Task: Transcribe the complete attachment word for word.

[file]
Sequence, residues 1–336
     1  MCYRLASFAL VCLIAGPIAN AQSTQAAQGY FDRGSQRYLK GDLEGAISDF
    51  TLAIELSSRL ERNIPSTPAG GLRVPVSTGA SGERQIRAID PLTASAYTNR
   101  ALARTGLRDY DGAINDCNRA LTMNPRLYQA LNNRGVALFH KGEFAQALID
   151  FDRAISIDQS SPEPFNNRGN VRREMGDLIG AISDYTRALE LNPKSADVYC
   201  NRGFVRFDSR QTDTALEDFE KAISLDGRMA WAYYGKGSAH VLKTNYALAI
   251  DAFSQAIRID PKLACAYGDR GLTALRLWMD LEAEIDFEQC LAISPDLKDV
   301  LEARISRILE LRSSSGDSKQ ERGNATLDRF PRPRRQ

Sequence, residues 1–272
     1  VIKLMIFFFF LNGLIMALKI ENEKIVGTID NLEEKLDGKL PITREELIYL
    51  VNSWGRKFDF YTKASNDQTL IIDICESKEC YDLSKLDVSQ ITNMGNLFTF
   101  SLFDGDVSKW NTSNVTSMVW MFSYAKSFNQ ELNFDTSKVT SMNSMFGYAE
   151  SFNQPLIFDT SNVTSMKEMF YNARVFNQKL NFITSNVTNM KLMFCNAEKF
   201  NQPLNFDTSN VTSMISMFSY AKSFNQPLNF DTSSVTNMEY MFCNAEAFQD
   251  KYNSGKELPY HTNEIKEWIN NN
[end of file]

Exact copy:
Sequence, residues 1–336
     1  MCYRLASFAL VCLIAGPIAN AQSTQAAQGY FDRGSQRYLK GDLEGAISDF
    51  TLAIELSSRL ERNIPSTPAG GLRVPVSTGA SGERQIRAID PLTASAYTNR
   101  ALARTGLRDY DGAINDCNRA LTMNPRLYQA LNNRGVALFH KGEFAQALID
   151  FDRAISIDQS SPEPFNNRGN VRREMGDLIG AISDYTRALE LNPKSADVYC
   201  NRGFVRFDSR QTDTALEDFE KAISLDGRMA WAYYGKGSAH VLKTNYALAI
   251  DAFSQAIRID PKLACAYGDR GLTALRLWMD LEAEIDFEQC LAISPDLKDV
   301  LEARISRILE LRSSSGDSKQ ERGNATLDRF PRPRRQ

Sequence, residues 1–272
     1  VIKLMIFFFF LNGLIMALKI ENEKIVGTID NLEEKLDGKL PITREELIYL
    51  VNSWGRKFDF YTKASNDQTL IIDICESKEC YDLSKLDVSQ ITNMGNLFTF
   101  SLFDGDVSKW NTSNVTSMVW MFSYAKSFNQ ELNFDTSKVT SMNSMFGYAE
   151  SFNQPLIFDT SNVTSMKEMF YNARVFNQKL NFITSNVTNM KLMFCNAEKF
   201  NQPLNFDTSN VTSMISMFSY AKSFNQPLNF DTSSVTNMEY MFCNAEAFQD
   251  KYNSGKELPY HTNEIKEWIN NN